Beyond Related Experience: Upstream versus Downstream Experience in Innovation Contest Platforms with Interdependent Problem Domains
33 Pages Posted: 9 Jun 2017 Last revised: 22 Mar 2019
Date Written: December 2018
Innovation contest platforms are often organized around specific fields of interest and involve contests that span a variety of interdependent problem domains. While specialization in contests within a problem domain can improve a contestant’s performance in a future contest in the same domain, prior research on individual learning also suggests that a contestant can benefit from her related experience—i.e., experience in contests whose problem domains share an interdependency with the focal problem domain. It is, however, unclear whether the benefits of related experience arise symmetrically from upstream related problem domains (i.e., upstream experience) and downstream related problem domains (i.e., downstream experience) or differ among them. Given that an innovation contest platform serves to provide an effective match between contest problem requirements and contestants’ skills, it is important to understand how a contestant’s prior experience on such a platform contributes to her problem-solving performance. To address the research question, we collect detailed archival data from TopCoder, a leading platform for software development contests, from its launch in 2001 to September 2013. Our dataset comprises detailed participation history of 821 contestants in 3,274 contests across eight interdependent problem domains involving 8,985 observations. We find that while a contestant’s related experience on the innovation contest platform has a stronger positive association with her focal contest performance compared to unrelated experience on the platform, the benefits of related experience arise only from downstream experience. No significant performance benefits of upstream experience are observed. We also find that the performance benefits of downstream experience are more salient when the contest duration is shorter. Contrary to the notion of “hyper-specialization” that has been emphasized in previous research, our findings highlight the importance of targeted diversification of experience for participants on innovation platforms. They also shed light on the effective design of innovation contest platforms and resource allocation decisions in complex new product development projects involving interdependent problem domains.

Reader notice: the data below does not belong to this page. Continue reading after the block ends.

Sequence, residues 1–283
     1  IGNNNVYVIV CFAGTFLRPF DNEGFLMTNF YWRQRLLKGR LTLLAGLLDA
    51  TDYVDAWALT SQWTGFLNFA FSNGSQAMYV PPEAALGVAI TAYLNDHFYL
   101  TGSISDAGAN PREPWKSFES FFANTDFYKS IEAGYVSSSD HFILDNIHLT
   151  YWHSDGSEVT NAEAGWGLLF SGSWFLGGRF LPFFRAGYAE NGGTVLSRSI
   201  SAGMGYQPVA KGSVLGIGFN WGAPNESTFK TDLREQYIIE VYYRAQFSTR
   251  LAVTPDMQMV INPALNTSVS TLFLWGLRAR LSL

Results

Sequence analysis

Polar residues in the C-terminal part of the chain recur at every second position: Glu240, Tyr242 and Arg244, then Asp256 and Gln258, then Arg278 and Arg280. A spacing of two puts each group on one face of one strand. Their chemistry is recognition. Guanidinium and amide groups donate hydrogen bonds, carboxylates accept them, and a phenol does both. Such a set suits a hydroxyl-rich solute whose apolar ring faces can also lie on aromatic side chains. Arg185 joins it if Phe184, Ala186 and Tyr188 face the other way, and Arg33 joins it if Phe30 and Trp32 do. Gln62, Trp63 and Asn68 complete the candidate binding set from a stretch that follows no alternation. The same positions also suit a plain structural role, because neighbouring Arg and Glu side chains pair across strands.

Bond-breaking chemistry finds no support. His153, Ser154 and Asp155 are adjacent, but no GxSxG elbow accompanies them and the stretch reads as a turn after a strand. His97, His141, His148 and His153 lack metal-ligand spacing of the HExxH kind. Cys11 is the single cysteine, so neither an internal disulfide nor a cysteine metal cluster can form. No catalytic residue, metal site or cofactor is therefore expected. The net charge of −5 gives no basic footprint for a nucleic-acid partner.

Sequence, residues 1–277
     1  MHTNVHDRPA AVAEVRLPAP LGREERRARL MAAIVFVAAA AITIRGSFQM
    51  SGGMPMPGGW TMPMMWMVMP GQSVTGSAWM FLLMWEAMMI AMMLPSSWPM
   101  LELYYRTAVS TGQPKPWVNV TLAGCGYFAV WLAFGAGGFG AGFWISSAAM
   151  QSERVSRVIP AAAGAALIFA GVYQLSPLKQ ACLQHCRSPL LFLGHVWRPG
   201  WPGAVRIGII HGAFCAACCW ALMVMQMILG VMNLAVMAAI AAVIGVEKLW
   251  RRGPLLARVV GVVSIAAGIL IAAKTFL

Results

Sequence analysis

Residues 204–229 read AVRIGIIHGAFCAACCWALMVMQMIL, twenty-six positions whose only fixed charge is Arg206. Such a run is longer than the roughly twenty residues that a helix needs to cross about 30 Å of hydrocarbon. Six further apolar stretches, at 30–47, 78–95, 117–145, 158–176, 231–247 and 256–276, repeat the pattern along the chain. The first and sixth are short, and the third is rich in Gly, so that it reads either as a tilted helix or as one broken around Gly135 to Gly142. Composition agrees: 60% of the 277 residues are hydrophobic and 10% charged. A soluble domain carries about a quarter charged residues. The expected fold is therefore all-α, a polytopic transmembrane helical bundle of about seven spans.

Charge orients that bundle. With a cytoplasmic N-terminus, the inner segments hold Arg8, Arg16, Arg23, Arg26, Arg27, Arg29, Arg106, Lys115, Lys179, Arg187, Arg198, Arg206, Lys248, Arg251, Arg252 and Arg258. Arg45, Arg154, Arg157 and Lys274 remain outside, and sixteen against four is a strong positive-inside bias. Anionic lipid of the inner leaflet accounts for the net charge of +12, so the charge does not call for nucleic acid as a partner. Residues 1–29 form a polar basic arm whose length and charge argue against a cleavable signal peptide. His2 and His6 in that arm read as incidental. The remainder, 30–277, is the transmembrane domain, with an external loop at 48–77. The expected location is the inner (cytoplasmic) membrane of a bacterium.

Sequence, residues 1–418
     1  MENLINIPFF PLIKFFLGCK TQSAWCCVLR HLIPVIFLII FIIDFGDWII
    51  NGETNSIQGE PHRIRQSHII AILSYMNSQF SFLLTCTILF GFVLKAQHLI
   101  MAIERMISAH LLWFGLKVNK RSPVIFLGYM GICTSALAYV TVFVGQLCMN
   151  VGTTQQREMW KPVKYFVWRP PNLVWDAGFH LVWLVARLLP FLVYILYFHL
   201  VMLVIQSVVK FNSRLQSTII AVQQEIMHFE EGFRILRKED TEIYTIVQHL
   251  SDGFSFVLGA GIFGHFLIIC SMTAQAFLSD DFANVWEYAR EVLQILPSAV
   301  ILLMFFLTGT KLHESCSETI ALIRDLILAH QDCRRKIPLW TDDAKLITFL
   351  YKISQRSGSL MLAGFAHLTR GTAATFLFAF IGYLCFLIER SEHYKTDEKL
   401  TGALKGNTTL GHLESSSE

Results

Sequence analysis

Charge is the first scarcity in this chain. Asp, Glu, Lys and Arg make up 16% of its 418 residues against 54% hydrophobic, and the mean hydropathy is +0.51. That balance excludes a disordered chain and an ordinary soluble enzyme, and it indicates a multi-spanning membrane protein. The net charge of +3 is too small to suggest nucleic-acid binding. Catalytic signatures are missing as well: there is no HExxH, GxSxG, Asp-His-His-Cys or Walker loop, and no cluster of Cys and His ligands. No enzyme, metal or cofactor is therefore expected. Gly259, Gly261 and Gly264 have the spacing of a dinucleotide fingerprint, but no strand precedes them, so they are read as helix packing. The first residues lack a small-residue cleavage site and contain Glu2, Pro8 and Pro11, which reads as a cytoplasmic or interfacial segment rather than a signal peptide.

Keywords: Innovation Contests, Related Experience, Problem-Solving, Individual Learning, Platforms
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